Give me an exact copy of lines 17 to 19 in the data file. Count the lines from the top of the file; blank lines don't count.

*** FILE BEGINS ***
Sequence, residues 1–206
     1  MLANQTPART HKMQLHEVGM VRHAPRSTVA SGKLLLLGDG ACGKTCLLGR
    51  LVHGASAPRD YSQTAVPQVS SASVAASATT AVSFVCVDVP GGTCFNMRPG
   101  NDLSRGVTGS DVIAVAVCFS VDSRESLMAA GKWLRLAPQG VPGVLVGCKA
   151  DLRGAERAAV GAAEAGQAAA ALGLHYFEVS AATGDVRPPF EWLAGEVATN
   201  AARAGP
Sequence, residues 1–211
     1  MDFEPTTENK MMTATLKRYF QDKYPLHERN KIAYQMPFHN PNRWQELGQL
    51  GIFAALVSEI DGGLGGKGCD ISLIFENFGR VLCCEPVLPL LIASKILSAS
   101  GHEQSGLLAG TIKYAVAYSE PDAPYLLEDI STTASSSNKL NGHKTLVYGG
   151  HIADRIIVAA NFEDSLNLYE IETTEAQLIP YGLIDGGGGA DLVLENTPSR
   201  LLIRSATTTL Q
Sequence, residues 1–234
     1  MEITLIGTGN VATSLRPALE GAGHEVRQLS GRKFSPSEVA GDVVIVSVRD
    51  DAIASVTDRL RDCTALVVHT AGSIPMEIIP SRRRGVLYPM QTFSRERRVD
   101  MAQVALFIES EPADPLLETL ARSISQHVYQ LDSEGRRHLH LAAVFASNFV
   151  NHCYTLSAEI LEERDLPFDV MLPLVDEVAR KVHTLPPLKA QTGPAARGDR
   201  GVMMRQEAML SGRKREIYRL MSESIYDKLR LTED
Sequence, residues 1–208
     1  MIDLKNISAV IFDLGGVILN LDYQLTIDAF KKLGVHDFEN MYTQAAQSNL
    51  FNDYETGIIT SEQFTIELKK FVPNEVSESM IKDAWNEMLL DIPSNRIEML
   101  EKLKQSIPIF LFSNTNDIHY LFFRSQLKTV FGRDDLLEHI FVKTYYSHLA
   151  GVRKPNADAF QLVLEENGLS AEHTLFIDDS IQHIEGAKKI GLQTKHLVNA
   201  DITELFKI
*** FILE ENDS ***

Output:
   151  NHCYTLSAEI LEERDLPFDV MLPLVDEVAR KVHTLPPLKA QTGPAARGDR
   201  GVMMRQEAML SGRKREIYRL MSESIYDKLR LTED
Sequence, residues 1–208